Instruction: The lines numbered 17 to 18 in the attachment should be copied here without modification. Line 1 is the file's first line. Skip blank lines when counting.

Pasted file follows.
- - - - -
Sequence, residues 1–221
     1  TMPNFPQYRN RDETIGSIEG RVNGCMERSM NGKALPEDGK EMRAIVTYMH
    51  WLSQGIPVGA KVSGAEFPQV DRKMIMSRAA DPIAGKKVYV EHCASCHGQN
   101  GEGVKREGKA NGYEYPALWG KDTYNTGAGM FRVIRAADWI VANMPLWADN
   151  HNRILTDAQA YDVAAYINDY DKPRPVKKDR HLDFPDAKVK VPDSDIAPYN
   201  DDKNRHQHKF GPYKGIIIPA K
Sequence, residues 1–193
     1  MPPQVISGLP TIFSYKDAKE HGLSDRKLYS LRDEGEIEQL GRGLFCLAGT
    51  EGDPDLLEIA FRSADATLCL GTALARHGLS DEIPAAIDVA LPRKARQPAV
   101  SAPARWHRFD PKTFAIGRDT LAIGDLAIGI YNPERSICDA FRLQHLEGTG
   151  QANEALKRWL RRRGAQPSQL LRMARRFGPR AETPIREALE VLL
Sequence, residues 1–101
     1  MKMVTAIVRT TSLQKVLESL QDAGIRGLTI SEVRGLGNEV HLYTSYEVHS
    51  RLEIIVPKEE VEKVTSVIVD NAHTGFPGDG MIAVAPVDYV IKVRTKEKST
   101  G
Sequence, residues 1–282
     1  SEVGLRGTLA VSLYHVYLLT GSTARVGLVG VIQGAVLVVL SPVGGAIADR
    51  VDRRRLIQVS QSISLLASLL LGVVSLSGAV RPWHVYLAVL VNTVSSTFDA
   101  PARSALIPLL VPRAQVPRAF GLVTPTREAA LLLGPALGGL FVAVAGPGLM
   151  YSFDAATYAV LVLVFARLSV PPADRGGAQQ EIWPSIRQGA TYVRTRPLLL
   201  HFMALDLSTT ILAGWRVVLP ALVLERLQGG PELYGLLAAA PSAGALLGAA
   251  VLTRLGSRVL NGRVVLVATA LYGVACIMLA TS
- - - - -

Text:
     1  SEVGLRGTLA VSLYHVYLLT GSTARVGLVG VIQGAVLVVL SPVGGAIADR
    51  VDRRRLIQVS QSISLLASLL LGVVSLSGAV RPWHVYLAVL VNTVSSTFDA